They will conduct a preliminary site survey, examining the site and any evidence of impact marks, he said.
‘‘They will also be talking to witnesses, both eye witnesses and audio witnesses, that heard an aircraft flying low or a bang,’’ Mr Blyth said.
‘‘We’ll also be interested in weather conditions at the time, if it was raining heavily, winds at the time, all the things that have an impact on aviation.’’
Bureau of Meteorology senior forecaster Dean Stewart said winds in the area at the time of the crash had not been excessive. He said there had been rain in the area earlier on Monday afternoon which would have made the air moist, with low cloud and the possibility of light showers.
A charity flight transporting a sick girl back from hospital turned to tragedy last night when the plane crashed in bad weather in Victoria's west, killing the girl and the aircraft's pilot.
The plane, which came down in a paddock at Wallup near Horsham at 6:30pm, was chartered by the Angel Flight charity which helps transfer patients from regional areas for treatment.
The 15-year-old girl from Nhill and the 69-year-old volunteer pilot from Yarrawonga died in the crash.
A 43-year-old woman, who is believed to be the girl's mother, is in a critical condition in hospital in Melbourne.
Angel Flight chairman Bill Bristow said the girl was a patient on her way from Essendon to Nhill and described the crash as a "terrible tragedy".
"It was her 24th flight back and forth to Essendon," he said.
"The girl's father rang Angel Flight to say that the flight had not arrived, it was late, and did we know anything.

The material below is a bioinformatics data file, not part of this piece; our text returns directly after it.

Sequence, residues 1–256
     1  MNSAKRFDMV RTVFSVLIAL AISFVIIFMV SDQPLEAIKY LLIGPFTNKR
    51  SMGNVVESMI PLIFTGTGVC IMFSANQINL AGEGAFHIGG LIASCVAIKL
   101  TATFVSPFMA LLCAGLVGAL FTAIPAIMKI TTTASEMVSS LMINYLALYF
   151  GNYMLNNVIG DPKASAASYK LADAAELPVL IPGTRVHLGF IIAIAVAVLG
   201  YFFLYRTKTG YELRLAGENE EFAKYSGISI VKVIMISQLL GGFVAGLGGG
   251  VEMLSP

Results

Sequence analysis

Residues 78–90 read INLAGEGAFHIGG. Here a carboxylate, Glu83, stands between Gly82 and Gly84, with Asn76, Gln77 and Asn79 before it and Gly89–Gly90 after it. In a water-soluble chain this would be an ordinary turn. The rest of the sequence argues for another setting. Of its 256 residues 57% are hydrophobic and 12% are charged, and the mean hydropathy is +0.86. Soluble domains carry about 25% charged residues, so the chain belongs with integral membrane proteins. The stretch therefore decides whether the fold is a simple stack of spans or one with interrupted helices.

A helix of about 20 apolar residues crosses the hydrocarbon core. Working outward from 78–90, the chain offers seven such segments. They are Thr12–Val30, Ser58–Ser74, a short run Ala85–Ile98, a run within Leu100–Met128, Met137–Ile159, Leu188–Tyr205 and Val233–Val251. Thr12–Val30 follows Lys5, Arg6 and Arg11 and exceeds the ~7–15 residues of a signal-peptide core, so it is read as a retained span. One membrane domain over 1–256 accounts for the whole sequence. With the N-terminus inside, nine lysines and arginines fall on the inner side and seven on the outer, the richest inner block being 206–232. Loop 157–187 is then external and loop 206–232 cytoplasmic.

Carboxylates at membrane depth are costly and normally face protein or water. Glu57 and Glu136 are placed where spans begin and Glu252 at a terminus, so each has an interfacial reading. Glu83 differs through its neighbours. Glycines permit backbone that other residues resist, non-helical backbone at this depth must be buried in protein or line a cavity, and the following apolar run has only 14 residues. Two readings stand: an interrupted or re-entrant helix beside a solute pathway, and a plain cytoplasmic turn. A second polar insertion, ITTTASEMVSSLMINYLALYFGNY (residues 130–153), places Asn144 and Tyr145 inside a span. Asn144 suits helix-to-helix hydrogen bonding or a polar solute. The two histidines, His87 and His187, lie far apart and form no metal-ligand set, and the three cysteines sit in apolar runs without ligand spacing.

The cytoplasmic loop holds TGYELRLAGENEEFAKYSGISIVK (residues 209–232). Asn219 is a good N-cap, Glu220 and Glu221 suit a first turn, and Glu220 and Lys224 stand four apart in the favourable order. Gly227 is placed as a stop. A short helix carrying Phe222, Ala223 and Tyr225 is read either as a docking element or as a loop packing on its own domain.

"Then we talked to air traffic control who advised us that there had been a problem.
"It's hard to measure the size of a tragedy like this, the ripple effects of the death on the family and friends of the passengers in the aircraft, and of course not to forget the family and friends of the pilot of the aircraft."
Mr Bristow said the pilot was experienced and had more than 800 hours flying time under his belt.
"He's flown I think it's 25 missions for Angel Flight, so a very experienced pilot."
It took emergency crews about an hour-and-a-half to find the wreck, after a local reported seeing a low-flying plane and heard a loud bang.
Locals say it was raining heavily at the time of the crash and the Australian Transport Safety Bureau's (ATSB) Neville Blyth says the weather will be one factor considered by crash investigators.
"We'll obviously be looking at the weather and the meteorological conditions that might have been present last night, just to see if there have been any contributing factors in that regard," he said.
"There is a wet spell that's been moving through the area, so it's going to make it a little bit difficult for the investigation teams.
"The physical condition of the aircraft, the pilot's preparedness, the weather conditions at the time, all of that type of stuff [will be considered]."
Local resident Rob McRae says he heard the plane fly over his house.
"Heard a plane fly over, probably about 6:15pm, fairly low, heard him throttle back a little bit and then he headed towards Horsham from our place," he said.
"Sounded fine, kept going. That's the last I heard and saw."